With the last Palo Alto Unified School District Board of Education meeting, the board addressed many of the problems in the Palo Alto community on Oct. 15. The most prominent matter discussed is that of the new staff and teacher housing.
During the meeting, the board discussed the potential for staff housing on San Antonio Road on district-owned property. Many teachers and staff say they can’t afford to live in the Bay Area, which has a median housing cost 10 times above the national average.
A staff housing survey conducted in March 2019 by the district asked 1,365 respondents about their commute time to school and affordability in their current housing arrangement. 53% of respondents said they were unsatisfied with their housing arrangements, 59% of respondents said they were considering leaving the district because of the housing costs in the area and 79% of respondents said they would be interested in housing provided by the district.
Andrew Lie, president of Jefferson Union High School District Board of Education, said he believes his district’s efforts at providing affordable housing for staff will be well-received by many staff members.
“In the short term, providing below-market rate housing will alleviate the financial strain caused by soaring Bay Area rents,” Lie said. “In the long term, we hope that providing housing will help faculty and staff develop the financial stability needed to purchase a home with the money saved on rent. We plan to offer financial planning so that staff can come up with a savings plan. We already offer mortgage down payment assistance through Landed.”
Lie said housing is an important benefit that helps recruit and retain high quality faculty and staff.
“If we can lower the cost of housing, we can remove one barrier for staff to live in the community in which they teach and work,” Lie said. “The cost of housing in the San Francisco Bay Area makes it difficult for educators to live in the communities in which they work. The problem is very acute with our district, which comprises the communities of Daly City, Pacifica, Brisbane, Colma and Broadmoor.”
With the lowest property tax base of the high school districts in San Mateo County, Lie has expressed that this means that we have lower revenue than our neighbors
“This leads to lower salaries for our employees,” Lie said. “Many employees commute from communities outside of the District, or have second jobs to cover the high cost of living.”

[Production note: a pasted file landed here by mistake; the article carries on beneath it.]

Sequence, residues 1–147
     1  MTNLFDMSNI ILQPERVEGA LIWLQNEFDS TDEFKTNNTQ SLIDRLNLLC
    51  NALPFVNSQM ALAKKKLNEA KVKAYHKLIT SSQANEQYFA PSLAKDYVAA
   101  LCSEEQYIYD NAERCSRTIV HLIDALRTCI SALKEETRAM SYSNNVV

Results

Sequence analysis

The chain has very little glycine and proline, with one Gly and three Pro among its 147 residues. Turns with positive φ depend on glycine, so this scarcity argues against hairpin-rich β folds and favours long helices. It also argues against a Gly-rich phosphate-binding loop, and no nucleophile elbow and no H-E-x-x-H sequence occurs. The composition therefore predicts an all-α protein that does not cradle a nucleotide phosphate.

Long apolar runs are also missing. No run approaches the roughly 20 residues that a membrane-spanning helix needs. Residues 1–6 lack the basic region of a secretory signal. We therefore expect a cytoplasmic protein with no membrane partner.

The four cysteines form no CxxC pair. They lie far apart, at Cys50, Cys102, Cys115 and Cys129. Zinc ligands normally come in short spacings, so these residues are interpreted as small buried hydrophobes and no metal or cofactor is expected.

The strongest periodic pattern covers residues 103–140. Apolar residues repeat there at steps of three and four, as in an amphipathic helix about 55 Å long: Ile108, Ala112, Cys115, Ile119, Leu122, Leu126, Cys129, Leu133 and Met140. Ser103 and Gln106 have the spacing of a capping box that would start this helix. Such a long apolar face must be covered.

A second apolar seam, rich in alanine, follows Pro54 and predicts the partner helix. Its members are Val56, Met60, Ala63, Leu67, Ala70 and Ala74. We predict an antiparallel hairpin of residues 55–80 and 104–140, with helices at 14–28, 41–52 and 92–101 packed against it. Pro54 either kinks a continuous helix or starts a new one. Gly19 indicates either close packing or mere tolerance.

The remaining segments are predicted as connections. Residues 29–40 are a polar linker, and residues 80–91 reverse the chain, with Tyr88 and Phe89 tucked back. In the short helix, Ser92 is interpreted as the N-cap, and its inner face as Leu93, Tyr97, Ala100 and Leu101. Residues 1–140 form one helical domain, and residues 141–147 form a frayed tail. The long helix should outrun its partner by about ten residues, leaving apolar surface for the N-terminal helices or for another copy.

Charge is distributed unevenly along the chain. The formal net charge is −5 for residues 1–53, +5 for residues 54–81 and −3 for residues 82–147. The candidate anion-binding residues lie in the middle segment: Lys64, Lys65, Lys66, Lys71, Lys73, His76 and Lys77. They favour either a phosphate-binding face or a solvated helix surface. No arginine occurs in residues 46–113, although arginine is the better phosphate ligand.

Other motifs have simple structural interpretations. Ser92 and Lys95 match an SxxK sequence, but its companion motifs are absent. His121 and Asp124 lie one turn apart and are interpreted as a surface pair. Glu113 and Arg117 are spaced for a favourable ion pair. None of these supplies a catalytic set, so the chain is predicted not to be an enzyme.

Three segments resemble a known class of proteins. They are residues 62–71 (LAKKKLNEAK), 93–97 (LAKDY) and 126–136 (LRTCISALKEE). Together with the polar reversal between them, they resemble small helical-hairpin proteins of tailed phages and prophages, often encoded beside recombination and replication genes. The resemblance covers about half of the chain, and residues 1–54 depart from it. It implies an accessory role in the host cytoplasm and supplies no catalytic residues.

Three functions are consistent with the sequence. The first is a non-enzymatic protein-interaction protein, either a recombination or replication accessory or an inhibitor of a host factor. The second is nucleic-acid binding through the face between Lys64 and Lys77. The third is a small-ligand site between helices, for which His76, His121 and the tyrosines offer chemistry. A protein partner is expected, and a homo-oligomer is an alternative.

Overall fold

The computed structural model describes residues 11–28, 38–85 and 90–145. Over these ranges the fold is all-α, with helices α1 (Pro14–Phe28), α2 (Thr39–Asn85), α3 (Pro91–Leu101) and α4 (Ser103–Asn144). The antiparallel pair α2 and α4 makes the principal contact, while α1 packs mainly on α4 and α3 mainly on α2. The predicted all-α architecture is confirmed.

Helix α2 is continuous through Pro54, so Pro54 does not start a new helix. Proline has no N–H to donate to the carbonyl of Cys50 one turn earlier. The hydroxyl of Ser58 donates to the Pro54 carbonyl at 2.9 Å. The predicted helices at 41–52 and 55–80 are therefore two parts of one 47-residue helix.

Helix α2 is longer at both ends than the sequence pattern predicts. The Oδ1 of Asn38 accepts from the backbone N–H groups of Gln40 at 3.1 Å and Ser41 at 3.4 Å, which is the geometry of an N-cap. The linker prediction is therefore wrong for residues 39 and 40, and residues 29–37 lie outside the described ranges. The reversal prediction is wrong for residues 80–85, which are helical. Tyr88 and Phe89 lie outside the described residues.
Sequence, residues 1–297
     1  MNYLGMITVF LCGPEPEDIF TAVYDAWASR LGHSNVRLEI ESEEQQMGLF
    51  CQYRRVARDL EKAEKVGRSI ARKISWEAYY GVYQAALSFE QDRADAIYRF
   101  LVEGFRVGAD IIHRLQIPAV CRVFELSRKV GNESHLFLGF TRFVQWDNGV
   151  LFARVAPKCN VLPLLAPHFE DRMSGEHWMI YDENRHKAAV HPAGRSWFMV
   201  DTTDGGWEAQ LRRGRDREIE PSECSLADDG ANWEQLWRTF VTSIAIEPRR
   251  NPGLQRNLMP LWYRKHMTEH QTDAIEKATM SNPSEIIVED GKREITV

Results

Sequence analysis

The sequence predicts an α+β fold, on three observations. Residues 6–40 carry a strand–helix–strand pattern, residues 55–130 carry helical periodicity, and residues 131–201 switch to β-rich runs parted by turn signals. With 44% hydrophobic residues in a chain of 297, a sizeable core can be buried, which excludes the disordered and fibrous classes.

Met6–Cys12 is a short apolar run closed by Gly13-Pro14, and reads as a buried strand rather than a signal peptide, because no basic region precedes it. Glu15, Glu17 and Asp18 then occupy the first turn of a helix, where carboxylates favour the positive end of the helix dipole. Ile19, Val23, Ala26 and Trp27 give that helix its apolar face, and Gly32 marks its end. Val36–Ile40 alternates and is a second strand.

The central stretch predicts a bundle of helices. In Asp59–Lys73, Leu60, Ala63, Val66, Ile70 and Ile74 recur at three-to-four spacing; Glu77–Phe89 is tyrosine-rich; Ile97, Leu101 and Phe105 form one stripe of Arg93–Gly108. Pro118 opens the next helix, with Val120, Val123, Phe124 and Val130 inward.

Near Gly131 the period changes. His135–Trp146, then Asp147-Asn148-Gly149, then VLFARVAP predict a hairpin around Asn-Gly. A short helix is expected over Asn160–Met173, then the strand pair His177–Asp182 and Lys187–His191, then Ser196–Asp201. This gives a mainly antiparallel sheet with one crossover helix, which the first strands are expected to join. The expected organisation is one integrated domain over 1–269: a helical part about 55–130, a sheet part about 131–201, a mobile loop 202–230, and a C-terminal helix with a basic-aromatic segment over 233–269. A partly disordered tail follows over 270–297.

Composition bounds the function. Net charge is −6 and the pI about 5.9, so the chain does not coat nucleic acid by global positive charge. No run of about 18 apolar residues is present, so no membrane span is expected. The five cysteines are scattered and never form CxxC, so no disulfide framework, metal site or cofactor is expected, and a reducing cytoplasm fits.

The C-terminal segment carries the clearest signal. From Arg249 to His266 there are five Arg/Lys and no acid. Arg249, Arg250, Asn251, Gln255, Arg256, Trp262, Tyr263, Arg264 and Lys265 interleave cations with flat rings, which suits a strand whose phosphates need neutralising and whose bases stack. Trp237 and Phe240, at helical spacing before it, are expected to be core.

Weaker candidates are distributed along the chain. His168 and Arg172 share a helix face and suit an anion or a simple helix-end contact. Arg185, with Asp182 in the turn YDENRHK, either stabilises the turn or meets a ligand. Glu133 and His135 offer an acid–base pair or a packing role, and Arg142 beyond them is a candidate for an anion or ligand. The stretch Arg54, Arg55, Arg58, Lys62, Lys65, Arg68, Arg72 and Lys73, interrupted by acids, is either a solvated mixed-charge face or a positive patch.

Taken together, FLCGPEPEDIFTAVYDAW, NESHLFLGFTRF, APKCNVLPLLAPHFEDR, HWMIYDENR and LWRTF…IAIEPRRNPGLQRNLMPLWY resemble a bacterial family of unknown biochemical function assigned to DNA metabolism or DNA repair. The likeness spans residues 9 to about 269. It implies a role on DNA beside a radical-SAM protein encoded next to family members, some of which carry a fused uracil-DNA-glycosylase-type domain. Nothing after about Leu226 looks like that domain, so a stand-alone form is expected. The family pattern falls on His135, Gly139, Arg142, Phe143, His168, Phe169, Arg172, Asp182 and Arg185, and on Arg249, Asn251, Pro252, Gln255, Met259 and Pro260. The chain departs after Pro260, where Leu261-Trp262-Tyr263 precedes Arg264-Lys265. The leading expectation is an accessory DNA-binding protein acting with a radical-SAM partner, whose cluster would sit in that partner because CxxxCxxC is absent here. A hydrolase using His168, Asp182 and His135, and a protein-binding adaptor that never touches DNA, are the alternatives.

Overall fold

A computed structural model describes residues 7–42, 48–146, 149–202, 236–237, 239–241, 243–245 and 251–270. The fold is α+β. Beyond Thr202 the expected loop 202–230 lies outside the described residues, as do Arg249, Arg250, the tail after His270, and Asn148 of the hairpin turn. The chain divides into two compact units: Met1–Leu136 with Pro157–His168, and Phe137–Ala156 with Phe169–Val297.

Board President Jennifer DiBrienza said the No. 1 matter the district is addressing equity.
“Our test scores, as well as stories from our low income students and students of color, tell us we are not serving all students equally well,” DiBrienza said. “We are working hard to address this at multiple levels — academic supports for those who benefit, anti-bias work for all members of the community and family engagement to better serve all families and their needs.”
DiBrienza said the board is also focused on examining the middle school experience in the district.
“Part of that is related to the equity issue, but I also think middle school is a challenging time for all kids, and we need to be really thoughtful about how we structure the experience for students,” DiBrienza said.
DiBrienza said surrounding districts are starting to build workforce housing for their teachers.
“The county is already moving forward on a county-wide program to build housing in Palo Alto for surrounding districts to take advantage of,” DiBrienza said. “While that project is important, it is by no means enough housing for us. There is potential to eventually build housing on San Antonio at one of our properties. I look forward to working with my colleagues and the district staff to consider our options on this issue.”
Finally, the board discussed the updated designs proposed for the turf fields at Gunn and Paly. According to the district, at both sites the turf fields that are 10 years old and torn up. The new project includes removing existing turf and placing drainage systems.